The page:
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Cinema/TV, Film Notes

FrightFest review – Fanged Up

My notes on Fanged Up

 

Since Hammer Films originally shut up shop there haven’t been that many British vampire movies – with a few arty oddities like The Wisdom of Crocodiles and A Tale of a Vampire, under-the-radar pictures like Temptation and Blood & Roses and skits like Lesbian Vampire Killers keeping the UK in the Dracula business even as the sub-genre proliferates everywhere else in the world.  So it might be significant that this year’s FrightFest offers three British vampire movies – Redwood, Eat Locals and Fanged Up.  Premiering on successive nights, Fanged Up and Eat Locals have a similar laddish vibe, and don’t owe that much to regular vampire movies aside from the odd maundering about immortality and human cattle.

 

One of the better jokes here has the dimwit hero survive his first few encounters with monsters and whine that the staff of this prison are all zombies (‘close enough,’ says his girlfriend) before wondering whether they’re ‘Frankensteins’ before (right third time) diagnosing ‘a case of the Draculas’.  The hook here is a prison run by vampires, with inmates selected by their rare blood type and invited to the office of the governor (Stephen Berkoff) for ‘sorbet’, though the big selling point is that this is a screen vehicle for stand-up comic Daniel O’Reilly (aka ‘Dapper Laughs’), whose chat-up patter act commingles obnoxiousness and self-deprecation – which sets up one of the film’s neater ideas in the climax, hinging on a revelation that takes the edge off his act and almost gets a bit of poignance into the film.  It turns out that some people would literally rather die than have sex with Dapper Laughs … making this a companion piece to Double Date, another Brtish FrightFest choice in which laddishness invites a supernatural come-uppance.  Michael Socha plays the dickhead character in Double Date, and his sister Lauren is the mad wardress Ms Renfield here – providing another connection.  Maybe the pond is getting too small.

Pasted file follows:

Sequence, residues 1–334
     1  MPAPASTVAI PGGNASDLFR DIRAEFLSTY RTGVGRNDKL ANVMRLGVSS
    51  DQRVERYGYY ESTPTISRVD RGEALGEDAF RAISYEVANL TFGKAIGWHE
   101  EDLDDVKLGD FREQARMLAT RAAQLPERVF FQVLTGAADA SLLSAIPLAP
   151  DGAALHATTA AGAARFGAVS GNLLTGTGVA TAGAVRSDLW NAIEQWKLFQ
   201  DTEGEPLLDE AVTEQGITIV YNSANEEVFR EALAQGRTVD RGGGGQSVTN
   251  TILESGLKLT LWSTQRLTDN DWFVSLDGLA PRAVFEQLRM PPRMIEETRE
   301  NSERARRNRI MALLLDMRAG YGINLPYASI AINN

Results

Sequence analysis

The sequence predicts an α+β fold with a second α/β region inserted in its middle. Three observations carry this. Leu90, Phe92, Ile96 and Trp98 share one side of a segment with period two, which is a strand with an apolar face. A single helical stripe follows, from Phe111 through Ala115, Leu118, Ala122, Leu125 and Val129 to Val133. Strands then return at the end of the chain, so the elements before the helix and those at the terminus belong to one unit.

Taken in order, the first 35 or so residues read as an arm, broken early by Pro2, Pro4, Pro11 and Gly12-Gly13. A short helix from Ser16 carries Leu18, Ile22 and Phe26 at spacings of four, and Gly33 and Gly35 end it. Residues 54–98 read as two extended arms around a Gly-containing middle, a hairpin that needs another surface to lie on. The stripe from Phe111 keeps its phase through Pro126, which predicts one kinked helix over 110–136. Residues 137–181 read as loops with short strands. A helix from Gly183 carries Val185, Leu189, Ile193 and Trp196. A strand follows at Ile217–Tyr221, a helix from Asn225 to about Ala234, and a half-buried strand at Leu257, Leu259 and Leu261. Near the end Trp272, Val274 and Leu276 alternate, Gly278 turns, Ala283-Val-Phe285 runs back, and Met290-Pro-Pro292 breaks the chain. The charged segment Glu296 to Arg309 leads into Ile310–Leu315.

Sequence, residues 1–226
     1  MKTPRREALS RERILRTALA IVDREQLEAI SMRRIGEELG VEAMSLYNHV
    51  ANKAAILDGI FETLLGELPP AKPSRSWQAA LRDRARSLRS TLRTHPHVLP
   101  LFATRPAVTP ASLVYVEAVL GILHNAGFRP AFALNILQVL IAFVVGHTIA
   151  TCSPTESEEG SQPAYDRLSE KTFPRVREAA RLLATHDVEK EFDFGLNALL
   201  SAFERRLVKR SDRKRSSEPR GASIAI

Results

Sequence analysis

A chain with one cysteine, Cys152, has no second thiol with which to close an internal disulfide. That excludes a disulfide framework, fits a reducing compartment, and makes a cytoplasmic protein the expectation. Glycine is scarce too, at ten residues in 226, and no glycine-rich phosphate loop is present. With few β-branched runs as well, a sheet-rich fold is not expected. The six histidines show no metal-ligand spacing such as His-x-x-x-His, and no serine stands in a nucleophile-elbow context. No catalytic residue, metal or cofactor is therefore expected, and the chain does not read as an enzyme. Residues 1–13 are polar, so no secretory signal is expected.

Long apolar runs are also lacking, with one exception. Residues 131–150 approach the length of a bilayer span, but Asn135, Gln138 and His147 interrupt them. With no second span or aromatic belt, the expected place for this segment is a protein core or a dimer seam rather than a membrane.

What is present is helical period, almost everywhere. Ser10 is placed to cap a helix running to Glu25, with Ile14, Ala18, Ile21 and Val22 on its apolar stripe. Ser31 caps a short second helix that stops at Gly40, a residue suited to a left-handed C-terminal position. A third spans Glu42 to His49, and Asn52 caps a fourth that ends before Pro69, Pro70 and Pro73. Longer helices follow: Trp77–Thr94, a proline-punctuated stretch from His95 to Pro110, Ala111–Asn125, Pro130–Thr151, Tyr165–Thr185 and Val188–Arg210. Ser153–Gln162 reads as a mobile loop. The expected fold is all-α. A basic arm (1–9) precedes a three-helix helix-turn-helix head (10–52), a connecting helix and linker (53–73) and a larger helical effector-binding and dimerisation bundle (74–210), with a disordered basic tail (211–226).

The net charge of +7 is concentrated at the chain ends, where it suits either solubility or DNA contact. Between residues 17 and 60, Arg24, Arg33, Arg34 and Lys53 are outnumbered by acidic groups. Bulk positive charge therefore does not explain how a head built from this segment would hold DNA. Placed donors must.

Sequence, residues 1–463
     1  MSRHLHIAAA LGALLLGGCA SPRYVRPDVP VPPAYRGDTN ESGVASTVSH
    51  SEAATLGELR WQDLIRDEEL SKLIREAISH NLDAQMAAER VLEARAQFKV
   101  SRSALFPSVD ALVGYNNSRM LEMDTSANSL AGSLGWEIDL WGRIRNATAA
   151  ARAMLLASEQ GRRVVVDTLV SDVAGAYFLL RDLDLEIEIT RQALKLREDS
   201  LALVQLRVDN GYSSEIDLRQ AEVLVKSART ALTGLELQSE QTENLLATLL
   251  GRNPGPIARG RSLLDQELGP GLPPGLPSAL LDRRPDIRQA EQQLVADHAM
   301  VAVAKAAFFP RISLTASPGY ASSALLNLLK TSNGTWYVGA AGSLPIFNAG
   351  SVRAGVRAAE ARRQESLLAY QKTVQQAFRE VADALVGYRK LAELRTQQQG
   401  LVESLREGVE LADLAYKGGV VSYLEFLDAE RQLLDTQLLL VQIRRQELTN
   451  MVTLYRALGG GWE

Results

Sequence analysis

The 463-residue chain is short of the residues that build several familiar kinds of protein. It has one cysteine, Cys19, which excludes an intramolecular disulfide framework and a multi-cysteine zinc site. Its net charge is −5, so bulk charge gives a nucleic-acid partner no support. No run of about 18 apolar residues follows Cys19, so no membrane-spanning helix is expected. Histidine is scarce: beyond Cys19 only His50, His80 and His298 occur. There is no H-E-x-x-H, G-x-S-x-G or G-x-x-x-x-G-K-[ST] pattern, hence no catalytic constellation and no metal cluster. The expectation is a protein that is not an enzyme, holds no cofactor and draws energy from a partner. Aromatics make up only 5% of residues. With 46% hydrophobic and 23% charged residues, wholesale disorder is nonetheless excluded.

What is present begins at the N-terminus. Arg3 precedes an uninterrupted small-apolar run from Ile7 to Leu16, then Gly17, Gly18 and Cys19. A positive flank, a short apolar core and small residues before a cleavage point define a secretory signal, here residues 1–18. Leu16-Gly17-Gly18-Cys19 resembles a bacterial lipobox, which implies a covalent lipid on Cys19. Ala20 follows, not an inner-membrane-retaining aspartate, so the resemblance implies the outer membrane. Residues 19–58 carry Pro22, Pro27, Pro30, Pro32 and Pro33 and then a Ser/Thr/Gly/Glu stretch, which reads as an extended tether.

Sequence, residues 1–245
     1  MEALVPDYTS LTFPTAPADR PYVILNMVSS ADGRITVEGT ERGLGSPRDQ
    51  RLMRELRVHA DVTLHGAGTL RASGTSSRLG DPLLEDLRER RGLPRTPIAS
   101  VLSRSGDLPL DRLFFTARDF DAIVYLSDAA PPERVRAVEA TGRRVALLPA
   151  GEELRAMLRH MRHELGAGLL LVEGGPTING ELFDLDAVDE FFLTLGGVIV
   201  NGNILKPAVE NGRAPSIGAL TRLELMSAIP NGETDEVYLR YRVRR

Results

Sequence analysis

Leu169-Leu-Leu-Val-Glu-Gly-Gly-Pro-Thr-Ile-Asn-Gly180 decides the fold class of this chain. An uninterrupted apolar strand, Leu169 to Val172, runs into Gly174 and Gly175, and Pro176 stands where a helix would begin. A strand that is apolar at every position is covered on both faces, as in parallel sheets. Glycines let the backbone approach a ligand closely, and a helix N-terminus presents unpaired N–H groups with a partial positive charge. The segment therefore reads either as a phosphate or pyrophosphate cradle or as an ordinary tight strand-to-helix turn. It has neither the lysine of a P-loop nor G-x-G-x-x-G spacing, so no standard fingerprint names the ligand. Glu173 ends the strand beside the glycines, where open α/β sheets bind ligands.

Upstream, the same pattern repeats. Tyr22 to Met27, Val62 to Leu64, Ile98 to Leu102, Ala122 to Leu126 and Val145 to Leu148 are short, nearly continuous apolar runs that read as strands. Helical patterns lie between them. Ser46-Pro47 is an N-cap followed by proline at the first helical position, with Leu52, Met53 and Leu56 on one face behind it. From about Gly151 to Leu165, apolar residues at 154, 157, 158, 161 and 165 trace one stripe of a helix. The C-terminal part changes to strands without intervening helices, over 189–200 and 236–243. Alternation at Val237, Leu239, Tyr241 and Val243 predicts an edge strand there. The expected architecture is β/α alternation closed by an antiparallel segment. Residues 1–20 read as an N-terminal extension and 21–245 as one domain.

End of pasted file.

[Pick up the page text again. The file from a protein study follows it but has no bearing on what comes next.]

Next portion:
The script – by O’Reilly, Dan Palmer and Nick Nevern – shows some awareness of genre history, mostly by naming characters after actors and creatives who worked on ‘80s vampire movies like Fright Night, Vamp, Near Dark and The Lost Boys.  Jimmy Ragsdale (O’Reilly) is the cause of an affray in a club and sent to spend the weekend in a gothic-looking prison before coming into court, though the penny drops that he’s in deeper trouble when the hardnut thug on the prison bus is dropped off at a less fearsome establishment and trembles at the thought of the facility the supposed minor offender is headed for.  By coincidence, the prison doctor (Danielle Harold) is Jimmy’s still-annoyed ex-girlfriend … who, like the female leads in many post-Shaun of the Dead horror comedies, is required to fulfil the role of disapproving mum as well as love-interest.  Like a lot of British comedies, this is all about blokes and how they feel about each other – with a simmer of warmth between Jimmy and his unlikely prison allies, a hulking Russian (Stu Bennett) who belabours a joke about killing people with his bear so much that it almost becomes endearing and Vas Blackwood as a cheery gay fixer who defuses almost all aggression by just being friendly.  The monsters aren’t as interesting, with snarly fanged stuntmen who might as well be zombies and a few exploding folk to splash guts about in a seaside postcard/end-of-the-pier version of the Troma sensibility.

 

Director Christian James is coasting a bit after his smaller-scale zombie comedy Stalled, which was one of the fresher takes on the genre in recent years.  Berkoff and Socha go wildly over the top, but ought to bring more menace to their roles for horror-comedy bite and skipping a major action scene with a jump cut and a throwaway ‘well, that was easier than we thought’ draws attention to limited resources rather than getting a quick laugh.  Given that O’Reilly’s act is all about trying and failing to cop off with fit birds in clubs, it’s a surprise that this doesn’t feature Hammer Films-style fanged sirens in negligees coming on to him – though maybe after Lesbian Vampire Killers no British filmmaker will want to go there for a while.

 

 

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Discussion

2 thoughts on “FrightFest review – Fanged Up

  1. Its a crying shame about Hammer they made so many classics of the genre

    Posted by orvillewrong | September 13, 2017, 7:01 pm

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  1. Pingback: FrightFest 2017 – Complete Review Round-Up | The Kim Newman Web Site - August 29, 2017

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